Dutch Meatballs & Gravy



1 pound ground beef

2 tbsp sweet chili sauce

1/2 a tbsp ground nutmeg

2 tbsp coarse mustard

1/2 tsp white pepper

6 tbsp breadcrumbs

1 tbsp milk

1 1/2 tsp salt

1 egg

butter (lots of it)

1 cup beef broth

Flour [replaced with mix of almond flour and parmesan cheese]


In my country any recipe that starts with the word “Grandma’s” is a guaranty to success. It’s a universal rule: everything tastes better the way grandma made it.
I’ve received so many emails asking me for an authentic and traditional Dutch meatballs recipe. Crazy amount of emails! What’s the fascination for Dutch meatballs? Now let me start by saying there is no such thing. There are a gazillion different recipes out there. A lot of them use similar ingredients such as nutmeg and mustard, but mainly they’re family recipes with varying ingredients. They do have one thing in common: butter. Lots and lots of butter. Our traditional gravy differs from American gravy. You’ll see.
What I can give you is the recipe I grew up with. It’s not an exact oneon- one because certain ingredients such as Ketjap—a thick and sweet Indonesian soy sauce—can’t be purchased all over the world and it’s big part of the recipe as it lingered around my family. But I found a work around … the recipe behind the cut comes pretty close to our family recipe! If you’re not a fan of nutmeg, you might want to opt out of this one!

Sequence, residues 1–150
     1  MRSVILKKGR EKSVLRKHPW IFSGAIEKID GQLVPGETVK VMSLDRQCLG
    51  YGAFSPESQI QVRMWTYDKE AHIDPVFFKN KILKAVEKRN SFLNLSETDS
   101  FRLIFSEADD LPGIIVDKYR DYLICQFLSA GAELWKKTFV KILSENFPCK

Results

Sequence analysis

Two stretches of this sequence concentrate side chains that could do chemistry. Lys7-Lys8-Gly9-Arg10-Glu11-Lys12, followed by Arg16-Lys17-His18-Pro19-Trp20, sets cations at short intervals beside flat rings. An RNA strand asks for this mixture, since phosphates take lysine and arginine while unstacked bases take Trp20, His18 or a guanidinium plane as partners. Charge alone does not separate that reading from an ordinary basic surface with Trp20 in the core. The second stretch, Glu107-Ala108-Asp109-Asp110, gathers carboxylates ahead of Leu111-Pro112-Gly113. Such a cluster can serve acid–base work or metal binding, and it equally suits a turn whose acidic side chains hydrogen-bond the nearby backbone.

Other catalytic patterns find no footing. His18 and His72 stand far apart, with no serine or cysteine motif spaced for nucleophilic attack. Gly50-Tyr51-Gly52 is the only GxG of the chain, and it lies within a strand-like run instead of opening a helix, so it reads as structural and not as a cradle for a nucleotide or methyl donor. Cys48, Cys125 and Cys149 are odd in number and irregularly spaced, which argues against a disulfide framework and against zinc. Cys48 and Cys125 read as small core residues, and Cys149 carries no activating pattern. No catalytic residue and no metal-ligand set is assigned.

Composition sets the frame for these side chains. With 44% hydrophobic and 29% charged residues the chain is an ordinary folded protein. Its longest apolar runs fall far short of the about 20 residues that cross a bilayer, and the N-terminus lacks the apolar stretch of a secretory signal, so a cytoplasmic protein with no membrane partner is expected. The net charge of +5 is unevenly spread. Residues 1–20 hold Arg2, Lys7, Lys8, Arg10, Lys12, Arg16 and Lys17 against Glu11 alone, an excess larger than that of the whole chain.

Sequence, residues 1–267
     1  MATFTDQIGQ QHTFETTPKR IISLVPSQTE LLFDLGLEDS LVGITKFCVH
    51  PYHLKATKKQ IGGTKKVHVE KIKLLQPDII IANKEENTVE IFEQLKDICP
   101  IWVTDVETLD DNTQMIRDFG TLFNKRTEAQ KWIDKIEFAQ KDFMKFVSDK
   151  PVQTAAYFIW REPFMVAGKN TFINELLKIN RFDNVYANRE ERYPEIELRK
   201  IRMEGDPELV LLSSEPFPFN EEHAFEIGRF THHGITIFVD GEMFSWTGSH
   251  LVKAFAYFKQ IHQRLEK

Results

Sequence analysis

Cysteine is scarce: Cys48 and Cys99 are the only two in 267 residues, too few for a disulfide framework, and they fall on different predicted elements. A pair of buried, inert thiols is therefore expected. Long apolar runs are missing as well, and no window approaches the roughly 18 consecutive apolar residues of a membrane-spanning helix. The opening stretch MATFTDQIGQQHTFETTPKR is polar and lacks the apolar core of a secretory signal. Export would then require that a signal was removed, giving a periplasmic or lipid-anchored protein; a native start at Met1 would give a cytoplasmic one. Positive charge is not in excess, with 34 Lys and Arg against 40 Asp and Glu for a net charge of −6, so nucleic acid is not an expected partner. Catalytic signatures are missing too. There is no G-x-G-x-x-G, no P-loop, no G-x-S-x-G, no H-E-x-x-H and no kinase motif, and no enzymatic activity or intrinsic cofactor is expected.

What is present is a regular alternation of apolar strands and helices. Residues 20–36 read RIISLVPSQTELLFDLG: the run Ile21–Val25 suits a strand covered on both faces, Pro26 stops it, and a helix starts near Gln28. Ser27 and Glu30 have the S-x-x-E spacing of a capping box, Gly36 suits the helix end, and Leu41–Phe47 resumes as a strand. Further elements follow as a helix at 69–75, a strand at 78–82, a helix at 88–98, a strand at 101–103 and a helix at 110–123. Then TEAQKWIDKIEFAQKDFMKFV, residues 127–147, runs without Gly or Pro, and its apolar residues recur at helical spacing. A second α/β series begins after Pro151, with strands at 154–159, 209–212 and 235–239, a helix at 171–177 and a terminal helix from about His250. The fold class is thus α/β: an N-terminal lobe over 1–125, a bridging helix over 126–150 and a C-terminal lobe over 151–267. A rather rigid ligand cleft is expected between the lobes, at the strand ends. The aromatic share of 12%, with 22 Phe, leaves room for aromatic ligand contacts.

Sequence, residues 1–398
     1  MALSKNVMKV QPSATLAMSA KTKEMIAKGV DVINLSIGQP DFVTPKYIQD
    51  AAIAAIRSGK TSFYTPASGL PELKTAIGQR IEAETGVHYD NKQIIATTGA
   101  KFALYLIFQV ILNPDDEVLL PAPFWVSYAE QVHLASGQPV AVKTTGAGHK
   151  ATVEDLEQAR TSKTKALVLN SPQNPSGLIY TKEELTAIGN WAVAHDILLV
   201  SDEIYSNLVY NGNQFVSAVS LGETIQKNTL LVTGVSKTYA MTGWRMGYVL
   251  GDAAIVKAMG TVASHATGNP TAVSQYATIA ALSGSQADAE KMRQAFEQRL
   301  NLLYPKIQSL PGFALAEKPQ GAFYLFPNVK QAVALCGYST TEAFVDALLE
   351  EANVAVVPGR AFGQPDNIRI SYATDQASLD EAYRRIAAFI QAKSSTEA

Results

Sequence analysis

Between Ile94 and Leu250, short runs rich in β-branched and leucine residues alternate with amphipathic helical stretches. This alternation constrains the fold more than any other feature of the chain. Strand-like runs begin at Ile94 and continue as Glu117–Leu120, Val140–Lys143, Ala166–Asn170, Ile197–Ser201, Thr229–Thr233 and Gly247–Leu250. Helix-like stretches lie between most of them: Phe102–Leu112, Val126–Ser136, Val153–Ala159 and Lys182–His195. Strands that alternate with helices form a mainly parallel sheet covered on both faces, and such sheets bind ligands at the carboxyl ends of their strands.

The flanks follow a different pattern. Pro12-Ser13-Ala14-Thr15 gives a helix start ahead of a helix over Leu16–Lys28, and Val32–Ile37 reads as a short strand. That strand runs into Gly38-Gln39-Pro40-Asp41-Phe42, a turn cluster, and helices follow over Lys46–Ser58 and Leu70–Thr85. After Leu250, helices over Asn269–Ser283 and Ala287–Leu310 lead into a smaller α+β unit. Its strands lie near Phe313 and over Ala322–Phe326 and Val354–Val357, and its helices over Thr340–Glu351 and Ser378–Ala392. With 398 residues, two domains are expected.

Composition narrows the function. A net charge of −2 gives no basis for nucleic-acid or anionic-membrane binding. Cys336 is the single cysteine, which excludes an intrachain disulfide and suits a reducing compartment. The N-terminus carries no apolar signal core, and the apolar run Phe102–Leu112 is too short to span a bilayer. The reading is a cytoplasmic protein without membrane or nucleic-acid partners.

Start with 1 pound good-quality ground beef. Not hamburger, mind you, that comes from a different part of the cow. Add 1 egg, salt to taste (we like them salty, so I add 1 1/2 tsp), 1/2 a tsp ground white pepper, a pinch of cayenne and 1/2 a tbsp ground nutmeg, mine wasn’t freshly grated or I’d still be grating. This seems like a lot of nutmeg but trust me, it works. Tip: adding a finely minced small onion is also really tasty. Wrecked my brain over a Ketjap substitute (any ideas?) and decided to go for 2 tbsp sweet chili sauce. It was perfect. Add 1 tbsp milk and 2 tbsp coarse mustard. The milk makes the meat somehow taste better. Almost juicier. The mustard adds a lovely tang and slight flavor but doesn’t make it mustardy. Now I know Paneer is also the name of an Indian cheese, but overhere it stands for breadcrumbs. Add 6 tbsp breadcrumbs. Dig your hands in there and mix it all up. Make your hands slightly wet and form 4 to 5 meatballs. Make them firm. Really press them on all sides to remove as much of the air trapped inside as you possibly can. It’s the air that makes them crack during browning. Note: I ran out of flour, but this is the moment you sprinkle a little flour all over each meatball! You shouldn’t be afraid of butter in order to make Dutch meatballs, that’s for sure. Heat lots of it. This was roughly 3 oz. As soon as the butter stops bubbling, add the meat balls and brown them on all sides. When they’re brown enough for your liking, pour in 1 cup of beef broth and pop the lid on. Reduce heat and simmer for 25 to 30 minutes, crack the lid slightly allowing moisture to escape. Here’s what it looks like after 25 minutes. Now this is Dutch gravy. Loads of butter, meat juices and broth combined and cooked down. Fattening like crazy but oh-so good. You can add a little mustard (or ketjap) for extra flavor. Serve with curly endive mash to get the full Dutch effect and drizzle lots of gravy on top.